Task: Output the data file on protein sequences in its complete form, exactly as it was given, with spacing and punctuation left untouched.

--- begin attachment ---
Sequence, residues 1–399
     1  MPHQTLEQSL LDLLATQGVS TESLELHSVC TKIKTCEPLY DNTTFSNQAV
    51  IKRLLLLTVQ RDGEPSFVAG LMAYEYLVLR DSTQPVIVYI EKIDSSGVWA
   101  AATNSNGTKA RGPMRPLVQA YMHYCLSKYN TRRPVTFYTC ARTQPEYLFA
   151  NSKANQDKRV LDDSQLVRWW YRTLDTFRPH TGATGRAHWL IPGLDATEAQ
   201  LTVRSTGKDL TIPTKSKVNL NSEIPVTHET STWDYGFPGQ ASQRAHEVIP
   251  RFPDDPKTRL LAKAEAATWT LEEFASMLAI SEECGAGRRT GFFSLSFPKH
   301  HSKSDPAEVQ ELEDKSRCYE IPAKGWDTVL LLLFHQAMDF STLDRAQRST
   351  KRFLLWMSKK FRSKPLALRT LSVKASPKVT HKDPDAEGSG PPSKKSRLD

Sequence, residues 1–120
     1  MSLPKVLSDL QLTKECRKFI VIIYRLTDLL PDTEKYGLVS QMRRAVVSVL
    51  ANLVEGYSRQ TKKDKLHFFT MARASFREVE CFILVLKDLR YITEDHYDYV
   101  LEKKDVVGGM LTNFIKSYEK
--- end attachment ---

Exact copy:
Sequence, residues 1–399
     1  MPHQTLEQSL LDLLATQGVS TESLELHSVC TKIKTCEPLY DNTTFSNQAV
    51  IKRLLLLTVQ RDGEPSFVAG LMAYEYLVLR DSTQPVIVYI EKIDSSGVWA
   101  AATNSNGTKA RGPMRPLVQA YMHYCLSKYN TRRPVTFYTC ARTQPEYLFA
   151  NSKANQDKRV LDDSQLVRWW YRTLDTFRPH TGATGRAHWL IPGLDATEAQ
   201  LTVRSTGKDL TIPTKSKVNL NSEIPVTHET STWDYGFPGQ ASQRAHEVIP
   251  RFPDDPKTRL LAKAEAATWT LEEFASMLAI SEECGAGRRT GFFSLSFPKH
   301  HSKSDPAEVQ ELEDKSRCYE IPAKGWDTVL LLLFHQAMDF STLDRAQRST
   351  KRFLLWMSKK FRSKPLALRT LSVKASPKVT HKDPDAEGSG PPSKKSRLD

Sequence, residues 1–120
     1  MSLPKVLSDL QLTKECRKFI VIIYRLTDLL PDTEKYGLVS QMRRAVVSVL
    51  ANLVEGYSRQ TKKDKLHFFT MARASFREVE CFILVLKDLR YITEDHYDYV
   101  LEKKDVVGGM LTNFIKSYEK